What to do if your Macbook overheats?

macbook overheat flame

Does your MacBook sound like an airplane taking off as soon as you start it up? An overworked fan is a sure sign that your MacBook is overheating, but the potential problems for your machine go far beyond the irritating noise. Prolonged overheating may cause long-term damage to major internal components.

Both software and hardware issues can cause MacBooks to overheat. Although older machines tend to heat up more often, even the latest MacBook models heat up when memory-intensive tasks overload the processor, or when internal fans malfunction.

How to explain the overheating?

Here are some of the most common reasons why your MacBook Pro may heat up or your MacBook Air may overheat.

Too many heavy apps

Several power-intensive programs can drain your MacBook’s processing capacity and cause it to overheat as it struggles to keep up.

Frozen apps

When Mac apps freeze, crash, or stop working properly, they consume power and memory while your Mac tries to resolve the error.

A large number of open tabs in the browser

Every browser tab you keep open is a drain on your MacBook’s resources that can overload the system.

SMC chip malfunction

The SMC (System Management Controller) is a chip that controls hardware components, including internal fans that help keep your MacBook at a safe and stable temperature.

A faulty cooling system

MacBook Pros and MacBook Airs have built-in cooling systems to regulate heat. Persistent overheating may indicate a hardware issue with the fans themselves. Additionally, internal components cannot function properly if the air vents are covered or blocked, preventing the flow of cool air.

Viruses and Malware

If your MacBook has a virus (such as a botnet or cryptojacker) that secretly runs intensive background processes, that may be why your Mac is overheating.

How to Fix Your Macbook Overheating Problems

Your MacBook can heat up due to a number of issues or a combination of issues. Follow the following quick and easy steps to ensure effective cooling of your MacBook and enjoy fluid, smooth, and quiet performance.

Check CPU

The processor is the engine of your Mac. The more it works, the more heat it generates. When the processor is overloaded for extended periods of time, your MacBook will almost certainly heat up. That’s why checking your processor should be your first step in troubleshooting temperature throttling issues on a MacBook Pro or MacBook Air.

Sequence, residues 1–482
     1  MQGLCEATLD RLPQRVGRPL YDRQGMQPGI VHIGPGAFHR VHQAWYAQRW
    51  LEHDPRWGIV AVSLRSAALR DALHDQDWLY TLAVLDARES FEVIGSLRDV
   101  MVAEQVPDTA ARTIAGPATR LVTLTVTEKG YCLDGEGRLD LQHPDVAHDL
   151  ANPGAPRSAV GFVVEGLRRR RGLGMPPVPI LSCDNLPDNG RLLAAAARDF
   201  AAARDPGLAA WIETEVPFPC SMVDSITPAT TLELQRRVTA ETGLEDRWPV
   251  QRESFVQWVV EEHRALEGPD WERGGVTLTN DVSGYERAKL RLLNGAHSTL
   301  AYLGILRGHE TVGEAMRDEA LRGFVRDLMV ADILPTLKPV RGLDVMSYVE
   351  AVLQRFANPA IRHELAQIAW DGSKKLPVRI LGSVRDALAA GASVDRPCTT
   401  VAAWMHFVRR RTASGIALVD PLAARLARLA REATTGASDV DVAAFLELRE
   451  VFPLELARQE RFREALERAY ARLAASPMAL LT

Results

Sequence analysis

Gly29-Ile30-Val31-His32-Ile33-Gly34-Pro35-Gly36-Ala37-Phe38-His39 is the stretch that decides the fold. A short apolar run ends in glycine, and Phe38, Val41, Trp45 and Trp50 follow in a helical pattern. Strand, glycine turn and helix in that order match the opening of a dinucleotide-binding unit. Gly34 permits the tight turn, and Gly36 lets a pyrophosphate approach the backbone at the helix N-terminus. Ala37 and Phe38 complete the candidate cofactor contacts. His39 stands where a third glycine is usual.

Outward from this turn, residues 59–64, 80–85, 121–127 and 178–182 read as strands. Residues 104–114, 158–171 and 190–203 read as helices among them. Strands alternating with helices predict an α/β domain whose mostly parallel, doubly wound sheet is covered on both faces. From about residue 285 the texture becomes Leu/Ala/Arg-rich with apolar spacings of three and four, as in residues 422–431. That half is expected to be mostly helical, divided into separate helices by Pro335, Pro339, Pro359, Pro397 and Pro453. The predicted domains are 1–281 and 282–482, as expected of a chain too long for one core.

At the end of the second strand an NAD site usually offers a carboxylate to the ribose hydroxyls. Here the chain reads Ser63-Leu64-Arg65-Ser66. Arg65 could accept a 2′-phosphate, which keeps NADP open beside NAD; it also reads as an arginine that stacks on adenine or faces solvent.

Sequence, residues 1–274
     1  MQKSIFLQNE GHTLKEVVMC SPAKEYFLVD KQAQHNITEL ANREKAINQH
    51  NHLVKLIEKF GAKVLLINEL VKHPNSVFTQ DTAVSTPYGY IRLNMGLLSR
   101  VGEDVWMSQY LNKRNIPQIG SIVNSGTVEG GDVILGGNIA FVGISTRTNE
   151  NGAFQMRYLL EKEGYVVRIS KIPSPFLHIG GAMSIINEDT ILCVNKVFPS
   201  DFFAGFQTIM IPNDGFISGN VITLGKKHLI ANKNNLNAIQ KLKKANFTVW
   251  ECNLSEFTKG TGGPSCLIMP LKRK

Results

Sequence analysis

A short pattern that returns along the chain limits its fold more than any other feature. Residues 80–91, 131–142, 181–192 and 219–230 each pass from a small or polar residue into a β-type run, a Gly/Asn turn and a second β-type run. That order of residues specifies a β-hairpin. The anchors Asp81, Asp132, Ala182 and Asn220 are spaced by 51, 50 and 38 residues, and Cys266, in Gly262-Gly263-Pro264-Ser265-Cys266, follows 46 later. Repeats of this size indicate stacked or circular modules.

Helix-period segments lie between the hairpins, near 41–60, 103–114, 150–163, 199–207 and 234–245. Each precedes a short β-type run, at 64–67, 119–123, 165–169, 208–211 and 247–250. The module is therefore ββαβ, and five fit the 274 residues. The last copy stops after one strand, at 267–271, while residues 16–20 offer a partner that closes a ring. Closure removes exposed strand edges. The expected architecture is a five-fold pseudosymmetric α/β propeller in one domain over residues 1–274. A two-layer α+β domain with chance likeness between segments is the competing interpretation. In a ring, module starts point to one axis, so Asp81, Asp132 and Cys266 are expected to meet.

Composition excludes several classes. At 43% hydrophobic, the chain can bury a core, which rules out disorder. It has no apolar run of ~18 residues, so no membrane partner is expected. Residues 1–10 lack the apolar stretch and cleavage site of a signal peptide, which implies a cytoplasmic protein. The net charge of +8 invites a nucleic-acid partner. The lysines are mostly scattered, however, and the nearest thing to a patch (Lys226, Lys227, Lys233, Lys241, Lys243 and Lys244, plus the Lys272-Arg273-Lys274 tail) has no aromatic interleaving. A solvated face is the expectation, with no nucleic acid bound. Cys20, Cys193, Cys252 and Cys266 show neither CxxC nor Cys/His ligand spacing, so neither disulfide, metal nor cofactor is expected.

1. Press Command + Space to open Spotlight. Type in “activity monitor” and press enter.

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2. You should directly land on the Processor tab. From here, you just have to observe if your processor is used to its full capacity. If so, close the offending apps.

Close tabs that are not actively used

Dozens of open browser tabs can overload your MacBook, especially if you’re using other resource-intensive software at the same time. Close any tabs you’re not actively using to reduce your Mac’s workload and keep it from getting too hot. In addition to clearing your cache, managing tabs can help speed up your browser. Bookmark any tabs you might need to access again in the near future.

Reset SMC

A problem with the SMC (System Management Controller) will affect the physical parts of your MacBook, such as the fans needed to keep the internal components cool.

Luckily, resetting the SMC is a safe and simple fix, which often fixes chip errors that are causing your MacBook Air or Pro to overheat. To reset the SMC, follow these three steps:

1. Turn off your MacBook.

2. Hold down Shift + Option + Control + Power buttons for 10 seconds.

3. Power your Mac back on normally.

Clean your Macbook

Over time, dust and other detritus inevitably accumulate in your MacBook, clogging sensitive hardware components. Sometimes a little spring cleaning is all it takes to get your MacBook Pro or MacBook Air working perfectly again.

To clean your computer efficiently and safely, remove the bottom panel to access the heart of your machine. Use a can of compressed air to blow out any debris lodged in the ventilation ducts or the fan itself. Then carefully wipe off any other dirt with a microfiber cloth.

For further :

  • Your Mac is slow? Here are 13 points to check
  • The best antiviruses for Mac
  • The best cleaning software on Mac


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